Conditions

Anorexia Not Entirely The Media's Fault, Says 59% Of Meetville Poll Respondents

anorexia
The media can often trigger anorexia in already unstable individuals. Photo courtesy of Shutterstock

Is the media to blame for eating disorders? I’m surely not the first to pose the question, and I doubt I’ll be the last. A recent poll given by the dating app Meetville revealed that 59 percent of respondents believed that the media influence on anorexia is largely exaggerated. However, doctors who specialize in anorexic patients explain that, although it’s not fair to put all the blame on the media, it’s important that we also be aware of the role it does play in this life-threatening eating disorder.

Meetville.com recently conducted a survey to see just how big of a role the public felt media played in anorexia. “We felt it was of utmost importance to carry out this poll, as the scale of the problem should be by no means underestimated,” explained Alex Cusper, a Meetville service analyst on the company’s blog. The poll had 31,425 respondents, 55 percent of which were American, four percent from Canada, 12 percent British, seven percent Australian, and 22 percent from various other countries.

The overwhelming majority of respondents, 59 percent to be exact, answered that the media’s role in anorexia is, well, overrated. This is a conclusion that Kevin Fleming, a doctor who works with eating disorder clients, agrees with to an extent. “I think media is hugely related to a lot of this, but if your brain is balanced you stand a better chance to cope with triggers,” Fleming told Medical Daily.

Fleming is the founder of the innovative neuroscience-based behavior change consulting firm Grey Matters International. It’s here that the doctor sees people suffering from various types of eating disorders on a daily basis. In Fleming’s opinion, most of his clients' eating disorders stem from sources inside, not outside, of the home.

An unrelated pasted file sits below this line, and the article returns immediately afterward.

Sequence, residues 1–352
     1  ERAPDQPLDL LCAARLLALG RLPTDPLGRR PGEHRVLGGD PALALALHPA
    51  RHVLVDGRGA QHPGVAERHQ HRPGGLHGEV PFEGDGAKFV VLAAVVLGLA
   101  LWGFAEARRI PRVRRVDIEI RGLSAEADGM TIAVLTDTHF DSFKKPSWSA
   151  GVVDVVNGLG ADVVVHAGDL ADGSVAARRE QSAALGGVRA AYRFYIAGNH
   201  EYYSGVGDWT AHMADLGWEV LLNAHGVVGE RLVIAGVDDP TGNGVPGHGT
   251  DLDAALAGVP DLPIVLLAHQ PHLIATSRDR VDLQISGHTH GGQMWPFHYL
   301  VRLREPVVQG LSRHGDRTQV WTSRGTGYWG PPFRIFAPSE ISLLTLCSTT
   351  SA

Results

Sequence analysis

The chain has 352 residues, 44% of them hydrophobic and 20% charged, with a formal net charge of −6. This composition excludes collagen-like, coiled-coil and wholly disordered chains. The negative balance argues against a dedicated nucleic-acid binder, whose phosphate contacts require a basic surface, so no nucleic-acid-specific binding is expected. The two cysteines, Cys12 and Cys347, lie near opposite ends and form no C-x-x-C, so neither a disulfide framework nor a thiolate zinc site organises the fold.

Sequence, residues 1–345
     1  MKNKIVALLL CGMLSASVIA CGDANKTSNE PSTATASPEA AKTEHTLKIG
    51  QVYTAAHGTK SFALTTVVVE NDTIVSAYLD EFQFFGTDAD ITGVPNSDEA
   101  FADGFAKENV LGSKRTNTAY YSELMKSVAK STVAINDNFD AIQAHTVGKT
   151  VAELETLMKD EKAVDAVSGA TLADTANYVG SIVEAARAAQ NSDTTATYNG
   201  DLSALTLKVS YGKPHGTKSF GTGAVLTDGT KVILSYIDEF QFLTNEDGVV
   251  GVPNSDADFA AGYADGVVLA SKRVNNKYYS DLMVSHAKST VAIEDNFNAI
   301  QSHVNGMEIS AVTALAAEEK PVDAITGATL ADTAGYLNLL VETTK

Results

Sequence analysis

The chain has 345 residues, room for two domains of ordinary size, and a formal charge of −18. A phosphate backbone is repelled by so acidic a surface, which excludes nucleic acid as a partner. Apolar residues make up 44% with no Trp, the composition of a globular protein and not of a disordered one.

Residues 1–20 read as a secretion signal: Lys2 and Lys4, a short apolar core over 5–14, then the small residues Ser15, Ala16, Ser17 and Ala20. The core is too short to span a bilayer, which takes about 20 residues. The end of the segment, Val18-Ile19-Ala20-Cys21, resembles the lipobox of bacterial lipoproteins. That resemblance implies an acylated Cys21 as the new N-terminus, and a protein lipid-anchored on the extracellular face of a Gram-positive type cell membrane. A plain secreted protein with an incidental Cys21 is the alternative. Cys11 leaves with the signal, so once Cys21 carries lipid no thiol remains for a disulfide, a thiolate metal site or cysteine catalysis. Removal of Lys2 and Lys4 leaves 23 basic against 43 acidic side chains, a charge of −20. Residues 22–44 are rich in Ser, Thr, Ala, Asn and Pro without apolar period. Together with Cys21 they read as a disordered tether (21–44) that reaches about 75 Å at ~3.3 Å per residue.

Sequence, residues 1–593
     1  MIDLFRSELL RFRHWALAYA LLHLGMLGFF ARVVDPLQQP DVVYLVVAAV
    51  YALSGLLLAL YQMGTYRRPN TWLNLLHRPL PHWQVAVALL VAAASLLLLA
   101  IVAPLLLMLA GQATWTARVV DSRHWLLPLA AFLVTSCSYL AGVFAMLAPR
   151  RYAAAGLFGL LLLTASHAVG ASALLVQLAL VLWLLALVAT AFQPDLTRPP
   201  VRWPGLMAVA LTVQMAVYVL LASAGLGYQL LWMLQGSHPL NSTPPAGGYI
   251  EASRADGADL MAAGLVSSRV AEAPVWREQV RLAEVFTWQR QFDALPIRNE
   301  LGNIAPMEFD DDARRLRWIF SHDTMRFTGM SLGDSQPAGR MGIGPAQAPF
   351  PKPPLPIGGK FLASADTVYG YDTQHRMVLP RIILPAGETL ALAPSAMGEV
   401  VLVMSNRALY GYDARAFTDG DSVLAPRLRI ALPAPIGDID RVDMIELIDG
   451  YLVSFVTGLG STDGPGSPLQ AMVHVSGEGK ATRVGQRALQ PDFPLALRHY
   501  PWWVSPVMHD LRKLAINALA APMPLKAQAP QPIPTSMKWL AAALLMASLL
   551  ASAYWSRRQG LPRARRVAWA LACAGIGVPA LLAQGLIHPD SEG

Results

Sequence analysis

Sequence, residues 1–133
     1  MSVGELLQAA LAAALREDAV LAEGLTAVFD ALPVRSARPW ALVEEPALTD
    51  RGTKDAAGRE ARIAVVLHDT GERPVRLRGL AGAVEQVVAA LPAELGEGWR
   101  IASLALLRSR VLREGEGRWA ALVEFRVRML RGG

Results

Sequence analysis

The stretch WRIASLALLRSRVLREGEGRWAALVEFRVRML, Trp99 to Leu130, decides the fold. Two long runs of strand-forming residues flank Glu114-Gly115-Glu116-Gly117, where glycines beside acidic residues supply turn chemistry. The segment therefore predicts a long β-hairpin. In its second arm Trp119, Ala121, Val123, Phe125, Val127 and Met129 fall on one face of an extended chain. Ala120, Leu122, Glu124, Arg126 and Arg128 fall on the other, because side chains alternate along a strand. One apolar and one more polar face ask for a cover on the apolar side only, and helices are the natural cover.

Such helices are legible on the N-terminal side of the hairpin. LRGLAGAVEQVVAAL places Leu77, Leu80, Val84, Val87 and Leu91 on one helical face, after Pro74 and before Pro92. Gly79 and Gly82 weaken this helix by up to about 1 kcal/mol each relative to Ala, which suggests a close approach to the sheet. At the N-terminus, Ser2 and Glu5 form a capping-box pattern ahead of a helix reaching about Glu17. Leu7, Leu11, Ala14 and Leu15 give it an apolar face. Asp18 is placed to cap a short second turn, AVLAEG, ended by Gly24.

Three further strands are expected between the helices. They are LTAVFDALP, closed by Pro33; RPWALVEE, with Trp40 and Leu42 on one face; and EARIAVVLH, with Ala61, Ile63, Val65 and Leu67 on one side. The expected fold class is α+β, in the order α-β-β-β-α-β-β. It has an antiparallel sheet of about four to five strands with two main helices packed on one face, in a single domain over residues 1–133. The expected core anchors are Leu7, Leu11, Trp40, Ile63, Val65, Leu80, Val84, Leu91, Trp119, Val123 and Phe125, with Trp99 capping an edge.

“There are dynamics that have nothing to do with the media. The problem, in many of the cases at least, has to do with either/both emotional dysregulation set points, and/or the family — namely, schizophrenogenic families,” he said. Still, while many of the problems may begin at home, the presence of media isn’t likely to make the situation any better. “A psychological dysfunction can lead to a dissociative state, which can be exacerbated by media type influences,” Fleming added.

While it’s difficult to prove a direct cause of an eating disorder, Fleming explained to Medical Daily that the correlation between the media and anorexia is clearly present. “You can crucify the media, but likely a predisposition to some dysfunction was likely there a priori,” said Fleming, describing the media as a catalyst to an already vulnerable brain. Other experts in the field agree with Fleming’s stance on the subject.

“Although thin models are not the cause of eating disorders, they can be a trigger or a factor in maintaining an eating disorder,” Susan Albers, a psychologist at the Cleveland Clinic, told The Huffington Post.

Anorexia is a condition which causes people to obsess about their weight and attempt to maintain a weight that is far below normal for their age and height. According to the Mayo Clinic, it is caused by a combination of biological, psychological, and environmental factors, including but of course not limited to the media.

Placing all the blame on one external factor causes people to disassociate anorexia as being a mental health condition, and so they become more inclined to view it as a personal choice, which like all psychological imbalances is far from the truth. 

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